- Joe follows Tejay van Garderen and Christian Vande Velde on Flagstaff in the USA Pro Cycling Challenge. Photo: Graham Watson | www.grahamwatson.com
- A relaxed Joe Dombrowski chats with Axel Merckx during stage 4 of the Tour of Utah. Photo: Wil Matthews | VeloNews.com
- Axel Merckx awards axes to riders for any meritous acheivements during competition, such as wins, attacks, or even riding as a hard-working teammate. Joe Dombrowski led the Tour of Utah the count with seven. Photo: Wil Matthews | VeloNews.com
- Joe Dombrowski prepares course notes he'll tape to his bike from the race tech guide for the Tour of Utah. Distances to KOM points, feed zones and sprints are included. Photo: Wil Matthews | VeloNews.com
- You know you've picked a good one when he can look at the brutality that awaits with that grin. Photo: John Cutler
- Getting ready to roll out on skinny tires. Photo: John Cutler
- It's even painful on paper. Photo: John Cutler
- Me and joe checking out our route of pain. Photo: John Cutler
I guess it’s not too outlandish a thought that an accomplished mountain bike racer is coaching a rising star of road racing. Ok, maybe it’s a little different.
Here is a little background. Joe Dombrowski and I first met at a mountain bike clinic I put on at the Greenbrier Challenge in Maryland. He and his Dad were looking for something to do, and for them riding with me was a good way to see some good lines and get a few tips. A year later I got a message from a local racer, saying, “hey you have to ride with this kid, he’s flying!” So, as I have done many times with other budding talents, I took him on an easy spin, thinking I might give him some pointers.
Needless to say that was the last time I rode my mountain bike on a road ride with Joe Dombrowski! He was indeed a natural climber — a little choppy in his pedaling but full of energy and not afraid of long rides. We half-wheeled each other to the top of Massanutten Mountain, both smiling from the effort.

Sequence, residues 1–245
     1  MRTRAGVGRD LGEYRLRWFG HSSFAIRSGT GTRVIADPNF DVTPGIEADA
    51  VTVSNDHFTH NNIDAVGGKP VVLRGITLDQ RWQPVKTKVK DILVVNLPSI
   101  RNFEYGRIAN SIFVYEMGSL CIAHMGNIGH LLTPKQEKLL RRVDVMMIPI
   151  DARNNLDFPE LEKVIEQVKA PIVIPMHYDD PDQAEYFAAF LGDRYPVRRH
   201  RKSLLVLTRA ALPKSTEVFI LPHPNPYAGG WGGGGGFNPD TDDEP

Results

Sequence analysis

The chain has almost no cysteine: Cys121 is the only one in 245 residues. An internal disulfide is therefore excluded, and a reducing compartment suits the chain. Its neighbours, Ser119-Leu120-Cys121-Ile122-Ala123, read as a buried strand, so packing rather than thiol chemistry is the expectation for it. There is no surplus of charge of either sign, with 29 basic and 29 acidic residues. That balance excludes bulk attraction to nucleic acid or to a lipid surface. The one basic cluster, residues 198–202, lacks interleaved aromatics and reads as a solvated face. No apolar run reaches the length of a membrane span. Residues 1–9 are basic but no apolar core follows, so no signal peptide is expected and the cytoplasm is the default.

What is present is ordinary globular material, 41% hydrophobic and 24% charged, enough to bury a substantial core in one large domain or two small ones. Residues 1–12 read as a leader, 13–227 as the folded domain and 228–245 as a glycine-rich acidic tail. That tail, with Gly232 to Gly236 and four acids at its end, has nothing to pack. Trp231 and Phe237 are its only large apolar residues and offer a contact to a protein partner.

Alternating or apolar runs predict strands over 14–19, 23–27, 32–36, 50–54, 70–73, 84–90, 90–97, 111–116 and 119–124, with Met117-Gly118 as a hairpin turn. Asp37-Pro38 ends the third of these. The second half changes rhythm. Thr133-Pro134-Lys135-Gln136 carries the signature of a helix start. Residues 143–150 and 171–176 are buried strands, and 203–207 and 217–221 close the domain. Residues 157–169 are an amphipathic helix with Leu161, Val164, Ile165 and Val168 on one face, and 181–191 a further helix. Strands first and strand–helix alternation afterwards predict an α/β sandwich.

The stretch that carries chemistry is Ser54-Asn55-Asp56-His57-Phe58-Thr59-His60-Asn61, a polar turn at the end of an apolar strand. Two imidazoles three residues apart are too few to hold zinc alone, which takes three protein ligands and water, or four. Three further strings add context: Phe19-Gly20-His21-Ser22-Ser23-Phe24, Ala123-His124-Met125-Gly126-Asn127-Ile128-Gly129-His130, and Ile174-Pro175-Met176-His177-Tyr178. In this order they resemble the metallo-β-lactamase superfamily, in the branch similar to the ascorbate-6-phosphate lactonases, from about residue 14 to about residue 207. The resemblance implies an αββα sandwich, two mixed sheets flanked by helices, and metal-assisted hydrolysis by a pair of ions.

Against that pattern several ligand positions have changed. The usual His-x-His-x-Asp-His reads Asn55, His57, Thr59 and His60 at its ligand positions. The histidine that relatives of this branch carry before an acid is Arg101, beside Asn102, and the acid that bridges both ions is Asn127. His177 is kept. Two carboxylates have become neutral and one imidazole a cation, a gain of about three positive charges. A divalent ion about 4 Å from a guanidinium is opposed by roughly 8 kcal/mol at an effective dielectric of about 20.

For my part, I was just passing on some knowledge, and I had a few state championship road titles and NRC races for background, which was enough to get him started. That was four years ago.
After some dabbling in mountain biking (including the Shenandoah 100) and fair bit of cyclocross racing, he decided to pursue road racing, partly because there are more job opportunities. So I started giving him some training advice, and he took it seriously. He got faster and stronger with every workout, and so I kept advising. Our relationship is a bit more like training partners and friends that enjoy some serious over-the-top training rides while chatting about global politics, economics and training science.
So, needless to say, he has taken off like a rocket. In 2010 after riding for Haymarket Bikes he started the Tour of Utah as a guest rider with the Axel Merkx Bontrager-Livestrong Squad and got some attention.
In the last year Joe has shocked the peloton as he demolished race after race, but his biggest win was the breakthrough at the amateur Giro d’Italia, often called the Baby Giro.
In the pro ranks, he’s taken the best young rider jerseys at the Amgen Tour of California, the Tour of Utah, the Tour of the Gila. A top-5 finish on Tour of California’s queen stage confirmed his staying power.
Last week was a treat watching him put a scare into some of the best riders in the world in the USA Pro Cycling Challenge by attacking the lead group with Christian Vande Velde, Vicenzo Nibali, Tejay van Garderen and others on the final climb of the race. I’d guess it’s a good sign when Phil Liggett announces your name as the future of the Tour de France.
Perhaps the great experiment of a pro mountain biker coaching an amateur road racer to a quick rise to success is not so random, but the result of an awesome meshing of good friends from different generations that both love to hammer. In my mind the hands-on riding time we have allows me to see exactly what he is doing in training and make more agile adjustments to his riding and training practices. To me its the difference between taking a dance class or looking at a book about dance to become a better dancer or taking an online course.
If you do look at many of the superstars on the road, you’ll see that a lot of them come from an off-road backround. Cadel Evans, Jakob Fuglsang, Fredrik Kessiakoff, Tom Danielson and Peter Sagan even started their careers in mountain biking for the team I race for, Cannondale Factory Racing!Pages: 1 2 3